The lakes region is a huge tourism draw. But, Kentucky's Western Waterland Board President John Rufli said it's becoming harder to promote this area because his budget is tighter than ever.
"In the end, the general assembly, in cooperation with the governor's office, saw fit to direct those monies elsewhere," said Rufli.
A bulk of Rufli's budget came from a 1% lodging tax used to promote tourism. This spring, state lawmakers redirected that money away from the department of tourism, leaving Rufli without $100,000 in matching funds he depended on to promote the purchase area.
"Probably the biggest issue for us is this came rather suddenly. We didn't have a lot of warning that this was going to happen," Rufli said.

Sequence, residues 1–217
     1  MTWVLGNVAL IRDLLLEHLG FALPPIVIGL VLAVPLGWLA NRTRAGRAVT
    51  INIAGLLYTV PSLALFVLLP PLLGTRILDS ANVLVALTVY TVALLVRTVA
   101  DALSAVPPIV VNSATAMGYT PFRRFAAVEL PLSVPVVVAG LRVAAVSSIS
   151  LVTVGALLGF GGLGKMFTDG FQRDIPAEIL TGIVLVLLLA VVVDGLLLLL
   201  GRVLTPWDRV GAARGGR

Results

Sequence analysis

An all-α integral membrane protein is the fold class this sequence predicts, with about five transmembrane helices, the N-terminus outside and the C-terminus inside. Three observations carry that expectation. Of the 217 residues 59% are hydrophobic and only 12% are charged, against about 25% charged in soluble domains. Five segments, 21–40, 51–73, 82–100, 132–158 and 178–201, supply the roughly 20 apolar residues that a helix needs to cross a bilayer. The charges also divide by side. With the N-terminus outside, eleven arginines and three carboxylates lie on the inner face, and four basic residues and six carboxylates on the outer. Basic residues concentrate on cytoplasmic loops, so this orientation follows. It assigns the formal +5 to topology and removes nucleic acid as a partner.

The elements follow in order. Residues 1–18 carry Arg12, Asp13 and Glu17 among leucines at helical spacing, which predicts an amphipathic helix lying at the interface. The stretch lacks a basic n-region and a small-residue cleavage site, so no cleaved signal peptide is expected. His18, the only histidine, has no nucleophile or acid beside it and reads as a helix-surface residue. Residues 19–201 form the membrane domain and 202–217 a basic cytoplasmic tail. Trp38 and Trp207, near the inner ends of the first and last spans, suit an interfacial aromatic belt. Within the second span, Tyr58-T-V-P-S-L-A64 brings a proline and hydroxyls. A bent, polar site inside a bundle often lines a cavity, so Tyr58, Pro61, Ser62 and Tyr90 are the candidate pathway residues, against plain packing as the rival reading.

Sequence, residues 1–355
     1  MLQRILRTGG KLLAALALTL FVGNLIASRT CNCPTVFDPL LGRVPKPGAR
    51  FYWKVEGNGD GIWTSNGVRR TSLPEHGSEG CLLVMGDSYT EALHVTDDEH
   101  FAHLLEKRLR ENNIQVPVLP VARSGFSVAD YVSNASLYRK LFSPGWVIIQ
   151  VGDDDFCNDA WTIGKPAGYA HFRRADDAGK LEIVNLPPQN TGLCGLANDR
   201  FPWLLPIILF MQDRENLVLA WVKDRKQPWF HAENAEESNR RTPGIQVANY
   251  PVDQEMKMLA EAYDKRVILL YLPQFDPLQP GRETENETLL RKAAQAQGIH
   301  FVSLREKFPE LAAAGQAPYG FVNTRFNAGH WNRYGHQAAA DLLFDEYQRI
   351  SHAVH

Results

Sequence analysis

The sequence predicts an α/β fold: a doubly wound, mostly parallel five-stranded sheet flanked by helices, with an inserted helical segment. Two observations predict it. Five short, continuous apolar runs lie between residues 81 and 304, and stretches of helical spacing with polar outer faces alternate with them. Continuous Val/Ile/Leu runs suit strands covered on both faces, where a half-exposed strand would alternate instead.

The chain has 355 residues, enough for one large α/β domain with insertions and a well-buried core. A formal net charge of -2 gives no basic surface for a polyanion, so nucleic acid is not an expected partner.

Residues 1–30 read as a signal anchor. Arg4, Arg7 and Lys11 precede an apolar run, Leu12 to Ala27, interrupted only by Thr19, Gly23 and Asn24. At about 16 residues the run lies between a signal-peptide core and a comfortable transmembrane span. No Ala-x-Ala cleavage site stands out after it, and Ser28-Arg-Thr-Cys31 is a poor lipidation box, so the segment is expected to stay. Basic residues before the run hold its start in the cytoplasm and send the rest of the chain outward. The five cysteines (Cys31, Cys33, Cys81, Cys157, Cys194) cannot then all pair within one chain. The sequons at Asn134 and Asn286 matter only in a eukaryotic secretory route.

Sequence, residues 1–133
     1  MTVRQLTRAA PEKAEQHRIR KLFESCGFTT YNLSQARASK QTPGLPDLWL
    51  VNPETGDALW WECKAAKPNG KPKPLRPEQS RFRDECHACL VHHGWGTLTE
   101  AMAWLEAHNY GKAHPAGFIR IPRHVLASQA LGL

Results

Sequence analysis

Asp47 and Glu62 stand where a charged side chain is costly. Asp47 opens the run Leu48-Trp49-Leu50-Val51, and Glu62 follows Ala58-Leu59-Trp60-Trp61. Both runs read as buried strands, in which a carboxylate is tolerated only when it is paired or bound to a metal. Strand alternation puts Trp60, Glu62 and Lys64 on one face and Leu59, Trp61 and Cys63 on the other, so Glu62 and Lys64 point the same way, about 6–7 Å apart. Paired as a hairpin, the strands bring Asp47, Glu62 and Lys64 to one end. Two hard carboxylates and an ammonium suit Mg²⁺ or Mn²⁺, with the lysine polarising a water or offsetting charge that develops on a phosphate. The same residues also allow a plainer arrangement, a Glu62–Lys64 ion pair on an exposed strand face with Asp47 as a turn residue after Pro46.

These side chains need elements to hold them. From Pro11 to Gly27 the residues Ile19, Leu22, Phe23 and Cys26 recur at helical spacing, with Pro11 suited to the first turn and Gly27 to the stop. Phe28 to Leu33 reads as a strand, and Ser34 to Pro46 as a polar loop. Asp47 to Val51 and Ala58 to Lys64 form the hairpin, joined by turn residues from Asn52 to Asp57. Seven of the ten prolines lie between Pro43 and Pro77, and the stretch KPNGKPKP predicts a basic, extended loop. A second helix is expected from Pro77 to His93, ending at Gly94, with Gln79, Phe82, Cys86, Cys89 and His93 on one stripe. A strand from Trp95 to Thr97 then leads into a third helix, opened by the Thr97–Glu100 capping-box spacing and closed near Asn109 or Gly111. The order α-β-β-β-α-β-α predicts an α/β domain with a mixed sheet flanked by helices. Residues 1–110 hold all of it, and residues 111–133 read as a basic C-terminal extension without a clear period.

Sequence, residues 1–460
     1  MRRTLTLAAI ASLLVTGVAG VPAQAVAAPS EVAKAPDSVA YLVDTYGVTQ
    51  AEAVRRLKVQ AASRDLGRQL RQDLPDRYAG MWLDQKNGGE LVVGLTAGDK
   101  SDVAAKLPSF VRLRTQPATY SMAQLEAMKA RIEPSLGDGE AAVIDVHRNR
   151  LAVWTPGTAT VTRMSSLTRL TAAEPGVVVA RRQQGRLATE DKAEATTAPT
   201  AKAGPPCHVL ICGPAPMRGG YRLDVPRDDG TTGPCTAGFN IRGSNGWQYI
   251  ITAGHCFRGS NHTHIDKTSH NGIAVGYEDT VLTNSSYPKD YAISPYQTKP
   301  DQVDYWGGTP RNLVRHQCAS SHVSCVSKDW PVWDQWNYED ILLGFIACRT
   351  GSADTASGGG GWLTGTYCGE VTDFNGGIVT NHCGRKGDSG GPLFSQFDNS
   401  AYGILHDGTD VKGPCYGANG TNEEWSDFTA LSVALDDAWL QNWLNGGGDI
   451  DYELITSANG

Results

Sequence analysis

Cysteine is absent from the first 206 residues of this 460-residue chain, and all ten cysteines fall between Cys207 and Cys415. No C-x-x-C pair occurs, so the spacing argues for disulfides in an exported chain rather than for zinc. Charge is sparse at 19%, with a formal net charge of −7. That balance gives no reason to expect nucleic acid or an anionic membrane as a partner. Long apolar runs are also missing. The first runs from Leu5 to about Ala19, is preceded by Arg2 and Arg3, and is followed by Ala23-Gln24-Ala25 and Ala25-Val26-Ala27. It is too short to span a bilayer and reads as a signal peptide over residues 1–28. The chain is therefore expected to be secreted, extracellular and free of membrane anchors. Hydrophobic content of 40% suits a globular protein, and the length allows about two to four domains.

To make up for the lost revenue, KWW laid off its executive director and won't publish this regional visitor's guide which Rufli said was labor intensive.
"The guidebook itself is a big production. It consumes a lot of staff time to put together," he said.
"We have been in that book for years," Jimila Fulks said. She worked with KWW to promote her Gilbertsville putt-putt golf business. Without that promotion, she says she'll turn to Facebook and Twitter. "I probably will do my social media. I'll do my own online," she said.
Rufli said KWW will likely do the same. It's cheaper and people can access it on the go. "One that has more linkage with our members, can deliver more traffic through our site to their sites," Rufli said.
You can visit the Kentucky Western Waterland website by clicking here.
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